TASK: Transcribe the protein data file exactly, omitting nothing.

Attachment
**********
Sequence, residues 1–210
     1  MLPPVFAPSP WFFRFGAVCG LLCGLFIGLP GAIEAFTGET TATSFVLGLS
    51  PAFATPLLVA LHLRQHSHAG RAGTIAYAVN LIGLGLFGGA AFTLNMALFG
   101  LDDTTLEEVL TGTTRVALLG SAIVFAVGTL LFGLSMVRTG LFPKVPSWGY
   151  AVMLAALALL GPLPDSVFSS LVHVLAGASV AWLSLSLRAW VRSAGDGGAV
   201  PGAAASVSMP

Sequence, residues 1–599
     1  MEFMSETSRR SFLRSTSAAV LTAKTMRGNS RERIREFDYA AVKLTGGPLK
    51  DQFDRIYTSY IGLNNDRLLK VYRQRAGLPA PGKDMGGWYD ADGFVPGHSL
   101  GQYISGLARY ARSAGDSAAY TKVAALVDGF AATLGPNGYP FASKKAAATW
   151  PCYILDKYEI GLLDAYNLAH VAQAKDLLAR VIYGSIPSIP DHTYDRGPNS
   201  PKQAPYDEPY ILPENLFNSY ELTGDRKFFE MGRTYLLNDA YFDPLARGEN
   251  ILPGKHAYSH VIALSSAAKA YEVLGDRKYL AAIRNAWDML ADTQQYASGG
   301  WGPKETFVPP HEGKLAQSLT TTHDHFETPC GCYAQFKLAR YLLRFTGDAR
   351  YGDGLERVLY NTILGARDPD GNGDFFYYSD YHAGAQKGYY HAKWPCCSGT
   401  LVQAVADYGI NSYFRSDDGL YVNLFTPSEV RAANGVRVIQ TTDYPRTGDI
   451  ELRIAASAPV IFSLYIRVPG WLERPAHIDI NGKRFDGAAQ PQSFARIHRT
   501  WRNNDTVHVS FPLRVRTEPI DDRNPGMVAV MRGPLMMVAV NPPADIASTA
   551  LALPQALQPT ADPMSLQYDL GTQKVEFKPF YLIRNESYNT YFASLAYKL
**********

Sequence, residues 1–210
     1  MLPPVFAPSP WFFRFGAVCG LLCGLFIGLP GAIEAFTGET TATSFVLGLS
    51  PAFATPLLVA LHLRQHSHAG RAGTIAYAVN LIGLGLFGGA AFTLNMALFG
   101  LDDTTLEEVL TGTTRVALLG SAIVFAVGTL LFGLSMVRTG LFPKVPSWGY
   151  AVMLAALALL GPLPDSVFSS LVHVLAGASV AWLSLSLRAW VRSAGDGGAV
   201  PGAAASVSMP

Sequence, residues 1–599
     1  MEFMSETSRR SFLRSTSAAV LTAKTMRGNS RERIREFDYA AVKLTGGPLK
    51  DQFDRIYTSY IGLNNDRLLK VYRQRAGLPA PGKDMGGWYD ADGFVPGHSL
   101  GQYISGLARY ARSAGDSAAY TKVAALVDGF AATLGPNGYP FASKKAAATW
   151  PCYILDKYEI GLLDAYNLAH VAQAKDLLAR VIYGSIPSIP DHTYDRGPNS
   201  PKQAPYDEPY ILPENLFNSY ELTGDRKFFE MGRTYLLNDA YFDPLARGEN
   251  ILPGKHAYSH VIALSSAAKA YEVLGDRKYL AAIRNAWDML ADTQQYASGG
   301  WGPKETFVPP HEGKLAQSLT TTHDHFETPC GCYAQFKLAR YLLRFTGDAR
   351  YGDGLERVLY NTILGARDPD GNGDFFYYSD YHAGAQKGYY HAKWPCCSGT
   401  LVQAVADYGI NSYFRSDDGL YVNLFTPSEV RAANGVRVIQ TTDYPRTGDI
   451  ELRIAASAPV IFSLYIRVPG WLERPAHIDI NGKRFDGAAQ PQSFARIHRT
   501  WRNNDTVHVS FPLRVRTEPI DDRNPGMVAV MRGPLMMVAV NPPADIASTA
   551  LALPQALQPT ADPMSLQYDL GTQKVEFKPF YLIRNESYNT YFASLAYKL